Jan 15, 2020: Light

Carole’s started asking about getting some app controlled lightbulbs so that we don’t have to get off the couch to, as Peter Kay would hilariously say, turn the big light on. Or off.

And we could. With a small investment of a gazillion pounds, we could get the bulbs and shout at the lights. But we’d need another hub to work alongside everything, by the looks of it, and that’s another ethernet port lost to controlling our home wirelessly from the toilet.

And aside from the fact that we’d need to hook up about three ethernet hubs to take all our existing wires, plus any new ones and be future-ready for more, there’s a bigger problem.

If you’re ever in the car with Carole and she has occassion to use her horn, you’re in for a real treat. She will shout at the offending driver, wave her arms around and struggle to find her horn before issuing what is the most pathetic little “meep” noise from the car. Often after we are now several hundred yards from the scene of the horn-requiring incident.

Using the Home Computer Robot Lady is the sams thing. It would be quicker, sometimes, to manually do whatever she’s asking than it is for her to have the HCRL do it.

Not to mention we have – at present – two plugs set up. Blanket turns on the electric blanket, bed lights up the fairy lights on the bed head. Blanket. Bed.

That’s it. Two words.

They are very rarely used. In fact Carole usually says lights, meaning the bed lights, which turns on the blanket (because of some lazy device categorising by me which I never envisionsd being a problem).

It’s a wonder our bed has never burnt to cinders.

I dread to think what would happen if we had voice-controlled lights. Just a woman shouting at bulbs, calling them all the wrong names. Our house needing to carry an epilepsy warning due to flashing lights…

If she asks again, I’ll pretend it cannot be done.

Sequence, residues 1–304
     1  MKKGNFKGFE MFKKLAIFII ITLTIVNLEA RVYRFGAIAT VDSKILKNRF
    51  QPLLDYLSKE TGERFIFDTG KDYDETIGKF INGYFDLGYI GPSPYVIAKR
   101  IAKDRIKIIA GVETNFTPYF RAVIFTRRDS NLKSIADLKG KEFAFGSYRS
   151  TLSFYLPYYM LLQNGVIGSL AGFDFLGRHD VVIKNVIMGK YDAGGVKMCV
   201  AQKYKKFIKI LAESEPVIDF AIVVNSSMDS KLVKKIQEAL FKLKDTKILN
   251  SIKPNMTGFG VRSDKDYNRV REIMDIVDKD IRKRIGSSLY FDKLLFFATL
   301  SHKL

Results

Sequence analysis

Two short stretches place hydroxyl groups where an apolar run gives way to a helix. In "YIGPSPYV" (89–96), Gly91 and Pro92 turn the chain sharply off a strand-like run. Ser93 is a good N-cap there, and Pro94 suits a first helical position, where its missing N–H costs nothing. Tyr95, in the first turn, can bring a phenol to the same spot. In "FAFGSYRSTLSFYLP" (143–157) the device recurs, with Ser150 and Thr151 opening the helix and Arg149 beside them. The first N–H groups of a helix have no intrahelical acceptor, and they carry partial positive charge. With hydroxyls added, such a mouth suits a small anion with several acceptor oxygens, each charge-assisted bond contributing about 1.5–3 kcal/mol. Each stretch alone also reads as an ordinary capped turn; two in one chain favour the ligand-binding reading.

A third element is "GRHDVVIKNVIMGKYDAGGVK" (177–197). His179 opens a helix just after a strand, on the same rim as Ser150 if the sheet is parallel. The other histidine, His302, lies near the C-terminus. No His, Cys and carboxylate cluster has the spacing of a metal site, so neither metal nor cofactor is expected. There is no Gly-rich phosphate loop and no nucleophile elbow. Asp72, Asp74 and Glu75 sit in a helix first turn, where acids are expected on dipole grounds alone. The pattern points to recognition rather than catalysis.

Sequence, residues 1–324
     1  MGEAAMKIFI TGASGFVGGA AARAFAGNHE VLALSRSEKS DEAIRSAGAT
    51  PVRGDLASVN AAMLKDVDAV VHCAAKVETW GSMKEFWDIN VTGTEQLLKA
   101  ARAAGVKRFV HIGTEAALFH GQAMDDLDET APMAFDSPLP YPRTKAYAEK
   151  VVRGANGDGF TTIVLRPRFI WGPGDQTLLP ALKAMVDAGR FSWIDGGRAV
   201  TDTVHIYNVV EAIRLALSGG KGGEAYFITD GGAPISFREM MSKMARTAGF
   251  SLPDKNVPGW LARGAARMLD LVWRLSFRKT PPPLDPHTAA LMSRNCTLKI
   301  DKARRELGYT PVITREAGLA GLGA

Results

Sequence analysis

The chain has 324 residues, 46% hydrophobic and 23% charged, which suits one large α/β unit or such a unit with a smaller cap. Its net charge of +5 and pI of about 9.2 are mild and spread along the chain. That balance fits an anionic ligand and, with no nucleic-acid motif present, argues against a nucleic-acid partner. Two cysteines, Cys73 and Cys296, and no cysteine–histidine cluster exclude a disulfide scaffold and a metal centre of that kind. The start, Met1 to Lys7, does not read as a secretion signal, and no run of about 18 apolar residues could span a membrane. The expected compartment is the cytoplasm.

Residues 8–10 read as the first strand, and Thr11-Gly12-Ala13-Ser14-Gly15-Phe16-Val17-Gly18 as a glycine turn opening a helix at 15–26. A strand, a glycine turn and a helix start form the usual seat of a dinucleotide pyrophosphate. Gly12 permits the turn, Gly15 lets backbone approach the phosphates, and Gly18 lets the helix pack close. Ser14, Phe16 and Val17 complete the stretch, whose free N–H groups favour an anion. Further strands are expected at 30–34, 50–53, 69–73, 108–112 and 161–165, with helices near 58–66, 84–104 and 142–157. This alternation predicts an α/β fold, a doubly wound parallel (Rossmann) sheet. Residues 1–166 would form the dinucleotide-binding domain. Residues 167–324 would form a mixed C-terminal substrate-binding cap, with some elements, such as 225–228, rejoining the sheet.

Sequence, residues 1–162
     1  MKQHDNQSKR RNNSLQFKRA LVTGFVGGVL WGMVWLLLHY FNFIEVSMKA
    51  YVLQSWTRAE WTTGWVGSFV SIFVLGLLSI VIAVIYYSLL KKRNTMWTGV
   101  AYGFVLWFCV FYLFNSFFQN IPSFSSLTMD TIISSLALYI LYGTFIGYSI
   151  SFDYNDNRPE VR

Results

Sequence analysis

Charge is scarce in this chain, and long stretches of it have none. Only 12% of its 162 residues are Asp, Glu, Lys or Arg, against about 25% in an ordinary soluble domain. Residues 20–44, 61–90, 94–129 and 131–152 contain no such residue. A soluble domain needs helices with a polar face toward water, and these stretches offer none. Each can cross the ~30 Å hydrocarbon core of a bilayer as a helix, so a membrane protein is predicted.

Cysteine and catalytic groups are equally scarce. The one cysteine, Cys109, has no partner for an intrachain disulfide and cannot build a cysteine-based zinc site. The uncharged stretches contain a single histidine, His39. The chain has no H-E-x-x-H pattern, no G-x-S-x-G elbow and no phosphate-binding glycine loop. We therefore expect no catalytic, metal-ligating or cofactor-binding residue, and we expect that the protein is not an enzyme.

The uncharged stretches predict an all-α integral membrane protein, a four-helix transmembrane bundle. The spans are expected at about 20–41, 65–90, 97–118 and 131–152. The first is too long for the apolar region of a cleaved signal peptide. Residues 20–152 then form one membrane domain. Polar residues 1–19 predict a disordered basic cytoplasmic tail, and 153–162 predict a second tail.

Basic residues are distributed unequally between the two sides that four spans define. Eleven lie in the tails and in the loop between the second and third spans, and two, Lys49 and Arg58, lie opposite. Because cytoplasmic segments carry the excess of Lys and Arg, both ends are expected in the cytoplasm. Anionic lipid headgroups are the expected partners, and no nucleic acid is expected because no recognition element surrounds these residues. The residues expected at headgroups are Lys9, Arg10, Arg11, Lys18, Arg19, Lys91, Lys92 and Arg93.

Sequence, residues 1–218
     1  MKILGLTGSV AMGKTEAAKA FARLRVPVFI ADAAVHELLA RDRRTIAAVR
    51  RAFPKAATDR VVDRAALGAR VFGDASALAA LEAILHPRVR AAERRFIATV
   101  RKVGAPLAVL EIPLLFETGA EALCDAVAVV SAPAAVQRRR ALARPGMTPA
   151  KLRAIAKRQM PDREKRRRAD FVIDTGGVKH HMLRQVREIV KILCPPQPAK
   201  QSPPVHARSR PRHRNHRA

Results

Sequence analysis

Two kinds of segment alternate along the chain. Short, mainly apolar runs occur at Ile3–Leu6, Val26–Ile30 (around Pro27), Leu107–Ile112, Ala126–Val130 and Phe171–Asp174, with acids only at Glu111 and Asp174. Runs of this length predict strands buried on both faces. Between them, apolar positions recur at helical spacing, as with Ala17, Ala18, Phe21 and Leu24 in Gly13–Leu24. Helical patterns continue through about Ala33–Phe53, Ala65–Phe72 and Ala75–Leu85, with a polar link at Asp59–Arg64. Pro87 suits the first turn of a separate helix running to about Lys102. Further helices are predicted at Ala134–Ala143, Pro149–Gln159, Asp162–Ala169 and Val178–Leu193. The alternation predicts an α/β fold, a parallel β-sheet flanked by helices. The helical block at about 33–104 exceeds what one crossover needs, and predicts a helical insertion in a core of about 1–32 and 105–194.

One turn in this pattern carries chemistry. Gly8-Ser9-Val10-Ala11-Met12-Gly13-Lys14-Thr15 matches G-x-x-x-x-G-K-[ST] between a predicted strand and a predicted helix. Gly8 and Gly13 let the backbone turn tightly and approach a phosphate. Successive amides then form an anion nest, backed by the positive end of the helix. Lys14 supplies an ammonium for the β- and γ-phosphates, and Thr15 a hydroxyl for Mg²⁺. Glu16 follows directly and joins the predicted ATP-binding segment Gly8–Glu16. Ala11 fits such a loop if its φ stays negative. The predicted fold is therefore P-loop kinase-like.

One thought on “Jan 15, 2020: Light

  1. Best thing I bought last year was the Hue hub and a load of bulbs. If I’m watching movies or gaming in the back room at arse o’clock in the morning and need to nip into the kitchen to get a refill of water, I can just say “Echo… night lights” and it’ll turn on the lights in the back room to full (so I don’t trip over any weights or whatever), the hall lights will go on to 10% so I can see enough to get to the kitchen, and the kitchen island lights will go on full.

    By the time we get to our road when we’re driving home, the phone lets the hub know that we’re approaching, and it puts on the outside lights, inner hall lights, kitchen lights, and lounge lights. When we go out, we can even set it up to imitate life, so that the lounge light will go on once it gets dark, and the hall and kitchen lights will go on and off for periods that make it look as though someone’s home.

    Even when gaming, if you’re so inclined, it can add immersion to a game (depending on the motherboard and setup, of course) where I’m playing The Outer Worlds and when I’m being shot at the lights will go red. When I’ve removed enemies, it’ll go back to normal. When enemies are sensed behind me, it’ll go amber. That sort of thing.

    But being able to control everything through an app means if we’ve stayed out later than expected, we can put lights on so it appears we’re home (or we can start the life imitation remotely), and it’s great for the kids as they can control the upstairs landing lights from their beds using portable switches that adhere to their bed posts. Means they never have to walk around in darkness to get to a switch.

    We’re mostly wired, too. Hub in my office feeds into the lounge, into the garage, into Lorna’s office, and into the hall (where it plugs into another hub and also creates another four access points). There’s the hub in the downstairs hall (which feeds into the back room for PC, PS4, PS3, TV etc) and the cable upstairs feeds into another hub (TV, PS4, PC). For the most part, though, we use TP-Link TL-PA7010PKIT wired extenders for upstairs access. One plugs into the main hub downstairs and feeds the full network connection through the electrical circuit. So the kids’ devices are plugged into their own TP-Link sockets in their bedrooms and it means they have wired connections with any actual wires going into their rooms. Packet loss is minimal and doesn’t disrupt gaming or streaming, and the speeds drop from around 68mb downstream to 56mb, which isn’t that bad.

    You thought about using passthrough networking? We started using it thirteen years ago when it was still in its infancy but it’s improved a lot since.

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